After graduating, Bartow left Pullman, Washington to coach Hoover High School, where he, with a little support from Teddy Ballgame himself, built Ted Williams Field. He led Hoover to a CIF title against Bonita Vista in 1975, the last year he was not wearing an SWC ballcap.

Bartow is one of the lucky few to spend their entire lives doing what they love. His passion and knowledge of the sport was clear to retired SWC professor Bill Virchis, whose son played for Bartow.

“The game is not a game to him, it’s a lifestyle,” said Virchis. “My son learned so much from him, that’s why he’s in the pros right now. First being drafted by the White Sox and now as a scout. There are many people that come through your life. He’s one that will just stick with you.”

Bobby Rector, who played for Southwestern in 1993, said he still has Bartow etched in his memory.

“Forty had quite a few quirks that still stand out, like him singing that song,” he laughed before singing a line. “It’s a beautiful day for a ballgame. He used to have that on his answering machine too. He was probably the most nervous coach I’ve ever seen in my life. (If) there’s a tough situation he’s in the corner of the dugout not looking. He was just a crack-up.”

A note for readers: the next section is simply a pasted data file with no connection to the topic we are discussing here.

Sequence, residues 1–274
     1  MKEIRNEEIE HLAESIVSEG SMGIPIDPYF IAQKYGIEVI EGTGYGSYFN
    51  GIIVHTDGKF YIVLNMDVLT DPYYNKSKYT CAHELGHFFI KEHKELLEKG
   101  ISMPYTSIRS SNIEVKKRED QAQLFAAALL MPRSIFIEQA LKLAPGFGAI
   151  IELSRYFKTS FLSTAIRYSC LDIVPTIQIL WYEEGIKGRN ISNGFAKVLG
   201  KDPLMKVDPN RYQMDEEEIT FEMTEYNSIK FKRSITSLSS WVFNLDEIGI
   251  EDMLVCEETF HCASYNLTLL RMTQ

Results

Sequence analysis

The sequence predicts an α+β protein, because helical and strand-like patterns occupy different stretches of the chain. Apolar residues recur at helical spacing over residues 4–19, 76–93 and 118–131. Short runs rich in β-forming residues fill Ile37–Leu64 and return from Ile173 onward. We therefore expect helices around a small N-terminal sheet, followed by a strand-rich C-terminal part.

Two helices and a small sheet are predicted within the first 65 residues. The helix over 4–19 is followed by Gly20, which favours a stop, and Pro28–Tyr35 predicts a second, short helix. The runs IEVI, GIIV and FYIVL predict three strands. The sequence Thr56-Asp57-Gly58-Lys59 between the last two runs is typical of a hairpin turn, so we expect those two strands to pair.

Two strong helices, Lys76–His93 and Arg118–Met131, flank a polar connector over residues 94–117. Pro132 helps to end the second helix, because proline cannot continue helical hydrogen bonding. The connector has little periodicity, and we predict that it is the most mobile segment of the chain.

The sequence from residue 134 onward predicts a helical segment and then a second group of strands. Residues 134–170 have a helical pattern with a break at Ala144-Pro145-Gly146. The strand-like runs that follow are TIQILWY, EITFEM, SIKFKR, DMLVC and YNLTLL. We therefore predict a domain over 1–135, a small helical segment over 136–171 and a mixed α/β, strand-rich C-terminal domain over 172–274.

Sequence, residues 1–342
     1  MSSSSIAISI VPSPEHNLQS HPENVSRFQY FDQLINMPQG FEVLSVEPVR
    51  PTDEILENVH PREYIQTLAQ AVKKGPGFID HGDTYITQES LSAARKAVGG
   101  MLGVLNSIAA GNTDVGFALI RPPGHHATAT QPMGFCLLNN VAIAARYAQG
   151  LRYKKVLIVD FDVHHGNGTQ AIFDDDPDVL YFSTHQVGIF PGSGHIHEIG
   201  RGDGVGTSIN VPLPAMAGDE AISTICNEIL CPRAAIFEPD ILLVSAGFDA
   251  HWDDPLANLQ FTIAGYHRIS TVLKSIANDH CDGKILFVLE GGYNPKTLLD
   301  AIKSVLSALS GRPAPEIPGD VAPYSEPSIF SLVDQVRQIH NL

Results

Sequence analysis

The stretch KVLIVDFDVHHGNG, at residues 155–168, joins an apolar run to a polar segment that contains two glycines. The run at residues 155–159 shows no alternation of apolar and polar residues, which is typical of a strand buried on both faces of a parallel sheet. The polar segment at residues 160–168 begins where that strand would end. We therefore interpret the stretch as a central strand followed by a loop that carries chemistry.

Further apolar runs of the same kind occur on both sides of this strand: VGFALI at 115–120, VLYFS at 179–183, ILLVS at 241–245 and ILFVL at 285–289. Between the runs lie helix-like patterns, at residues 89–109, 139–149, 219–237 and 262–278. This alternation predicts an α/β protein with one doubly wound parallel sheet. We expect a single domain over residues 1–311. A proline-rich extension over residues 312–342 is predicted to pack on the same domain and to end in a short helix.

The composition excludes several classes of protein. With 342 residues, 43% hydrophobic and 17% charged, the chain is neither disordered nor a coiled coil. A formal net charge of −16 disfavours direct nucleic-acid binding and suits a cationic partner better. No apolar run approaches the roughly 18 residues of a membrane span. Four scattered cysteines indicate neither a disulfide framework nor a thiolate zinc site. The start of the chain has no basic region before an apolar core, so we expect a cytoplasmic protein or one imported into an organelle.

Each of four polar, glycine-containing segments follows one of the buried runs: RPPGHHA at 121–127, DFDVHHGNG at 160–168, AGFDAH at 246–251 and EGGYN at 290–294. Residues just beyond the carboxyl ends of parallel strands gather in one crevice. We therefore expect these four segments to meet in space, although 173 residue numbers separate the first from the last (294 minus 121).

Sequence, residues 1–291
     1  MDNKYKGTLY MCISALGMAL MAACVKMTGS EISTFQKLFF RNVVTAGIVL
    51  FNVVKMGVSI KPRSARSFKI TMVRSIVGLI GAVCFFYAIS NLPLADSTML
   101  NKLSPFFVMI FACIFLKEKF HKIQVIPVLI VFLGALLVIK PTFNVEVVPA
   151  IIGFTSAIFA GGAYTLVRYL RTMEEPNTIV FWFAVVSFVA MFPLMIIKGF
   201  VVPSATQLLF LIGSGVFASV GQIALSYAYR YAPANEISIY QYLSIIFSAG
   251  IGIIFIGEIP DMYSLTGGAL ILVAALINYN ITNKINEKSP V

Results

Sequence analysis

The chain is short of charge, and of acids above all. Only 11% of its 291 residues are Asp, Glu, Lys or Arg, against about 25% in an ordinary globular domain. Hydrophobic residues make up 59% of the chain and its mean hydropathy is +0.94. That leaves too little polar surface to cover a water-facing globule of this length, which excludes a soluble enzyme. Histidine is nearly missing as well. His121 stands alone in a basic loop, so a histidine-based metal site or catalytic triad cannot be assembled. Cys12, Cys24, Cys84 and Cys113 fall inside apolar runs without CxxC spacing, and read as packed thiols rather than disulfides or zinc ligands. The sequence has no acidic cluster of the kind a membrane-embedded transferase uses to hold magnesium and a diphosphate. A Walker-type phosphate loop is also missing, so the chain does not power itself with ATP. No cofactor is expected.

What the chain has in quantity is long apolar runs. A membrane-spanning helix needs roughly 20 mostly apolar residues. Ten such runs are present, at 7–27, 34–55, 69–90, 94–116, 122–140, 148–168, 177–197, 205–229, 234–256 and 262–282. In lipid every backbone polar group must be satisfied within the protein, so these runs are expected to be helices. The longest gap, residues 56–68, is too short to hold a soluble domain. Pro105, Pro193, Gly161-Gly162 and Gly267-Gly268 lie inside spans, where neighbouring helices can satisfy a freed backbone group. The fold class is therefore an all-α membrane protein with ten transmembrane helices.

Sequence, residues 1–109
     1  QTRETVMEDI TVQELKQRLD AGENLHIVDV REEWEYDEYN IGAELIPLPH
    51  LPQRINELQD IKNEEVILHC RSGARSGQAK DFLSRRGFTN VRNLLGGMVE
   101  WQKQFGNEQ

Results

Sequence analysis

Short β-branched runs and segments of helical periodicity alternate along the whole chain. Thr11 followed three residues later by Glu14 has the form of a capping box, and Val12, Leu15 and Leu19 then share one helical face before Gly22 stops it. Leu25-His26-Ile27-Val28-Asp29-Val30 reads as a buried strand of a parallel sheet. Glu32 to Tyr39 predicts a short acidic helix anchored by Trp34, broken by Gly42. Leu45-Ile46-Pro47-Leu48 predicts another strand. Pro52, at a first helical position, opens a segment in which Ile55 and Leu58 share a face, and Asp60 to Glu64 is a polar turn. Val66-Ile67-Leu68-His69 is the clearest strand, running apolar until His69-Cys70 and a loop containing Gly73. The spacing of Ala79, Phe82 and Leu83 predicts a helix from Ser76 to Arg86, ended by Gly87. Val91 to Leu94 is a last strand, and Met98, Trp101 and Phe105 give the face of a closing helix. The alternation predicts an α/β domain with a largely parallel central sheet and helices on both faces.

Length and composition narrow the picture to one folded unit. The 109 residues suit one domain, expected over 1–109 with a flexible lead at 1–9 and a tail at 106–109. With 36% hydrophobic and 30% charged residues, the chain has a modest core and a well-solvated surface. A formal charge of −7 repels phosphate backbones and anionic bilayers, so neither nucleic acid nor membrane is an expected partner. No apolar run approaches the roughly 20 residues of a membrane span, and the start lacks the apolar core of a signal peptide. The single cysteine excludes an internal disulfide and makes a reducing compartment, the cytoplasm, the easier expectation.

Rector, who played in the San Francisco Giants system, is one of 37 former SWC baseball players who signed professional contracts during Bartow’s tenure. His squads have transferred 182 players to play at universities, almost five players for each of Bartow’s 38 years at SWC.

“We’ve had a lot of wonderful players, we’ve pretty well taken all of our kids from our own area,” he said. “Had a lot of kids out of Eastlake, Chula Vista. Had that (Alex) Palaez who played for the Padres. He was a little fat guy and Jay (Martel) says ‘You’re not going to like him because he’s fat,’ and I said, ‘Well, if he can swing the bat I’ll like him.’”

Countless players have laced up their spikes under Bartow’s watch, but it is the Jaguar Junction baseball field that he considers his greatest accomplishment.

“What I’m probably the most proud of is that I got the ballpark all fixed up so it’s a nice park,” he said.  “Took a long time to get the concrete and get some of the things done, like the big scoreboard, the turf and looking like a ballpark should. I hope that some day there will be some bleachers in there, some things will change, and will even get better.”